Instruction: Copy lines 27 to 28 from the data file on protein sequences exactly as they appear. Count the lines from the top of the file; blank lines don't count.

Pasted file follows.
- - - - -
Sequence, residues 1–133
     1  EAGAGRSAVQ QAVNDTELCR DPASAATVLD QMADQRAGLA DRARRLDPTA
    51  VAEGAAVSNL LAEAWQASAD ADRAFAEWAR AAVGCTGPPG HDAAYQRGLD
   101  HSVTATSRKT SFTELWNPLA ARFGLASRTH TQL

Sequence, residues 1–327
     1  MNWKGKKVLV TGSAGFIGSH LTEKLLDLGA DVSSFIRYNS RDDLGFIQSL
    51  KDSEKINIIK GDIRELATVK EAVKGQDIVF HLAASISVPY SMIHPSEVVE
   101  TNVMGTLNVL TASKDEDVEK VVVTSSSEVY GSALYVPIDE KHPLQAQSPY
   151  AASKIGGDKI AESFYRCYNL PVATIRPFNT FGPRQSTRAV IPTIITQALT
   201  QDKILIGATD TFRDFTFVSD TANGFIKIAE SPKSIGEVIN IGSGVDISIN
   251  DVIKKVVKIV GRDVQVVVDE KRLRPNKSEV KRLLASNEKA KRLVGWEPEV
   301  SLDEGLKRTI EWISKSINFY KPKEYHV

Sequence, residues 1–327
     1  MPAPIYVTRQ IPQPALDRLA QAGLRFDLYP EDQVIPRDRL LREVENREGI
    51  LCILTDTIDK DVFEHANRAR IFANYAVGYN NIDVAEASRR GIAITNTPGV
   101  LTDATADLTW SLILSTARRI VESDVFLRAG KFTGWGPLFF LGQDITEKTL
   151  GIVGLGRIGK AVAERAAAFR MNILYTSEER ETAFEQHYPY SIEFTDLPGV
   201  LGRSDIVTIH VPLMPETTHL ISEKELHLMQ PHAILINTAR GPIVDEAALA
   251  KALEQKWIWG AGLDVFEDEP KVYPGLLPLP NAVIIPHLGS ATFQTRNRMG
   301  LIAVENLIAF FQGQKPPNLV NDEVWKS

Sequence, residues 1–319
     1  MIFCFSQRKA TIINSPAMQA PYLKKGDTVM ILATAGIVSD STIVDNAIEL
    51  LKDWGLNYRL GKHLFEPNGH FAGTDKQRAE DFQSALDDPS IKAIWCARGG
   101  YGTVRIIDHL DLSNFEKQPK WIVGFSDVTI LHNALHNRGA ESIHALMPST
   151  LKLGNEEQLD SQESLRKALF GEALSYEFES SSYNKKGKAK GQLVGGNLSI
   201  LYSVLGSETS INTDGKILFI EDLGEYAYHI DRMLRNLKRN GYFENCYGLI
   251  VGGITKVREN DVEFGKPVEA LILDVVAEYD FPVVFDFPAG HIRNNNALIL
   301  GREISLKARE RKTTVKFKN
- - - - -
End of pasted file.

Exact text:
   251  VGGITKVREN DVEFGKPVEA LILDVVAEYD FPVVFDFPAG HIRNNNALIL
   301  GREISLKARE RKTTVKFKN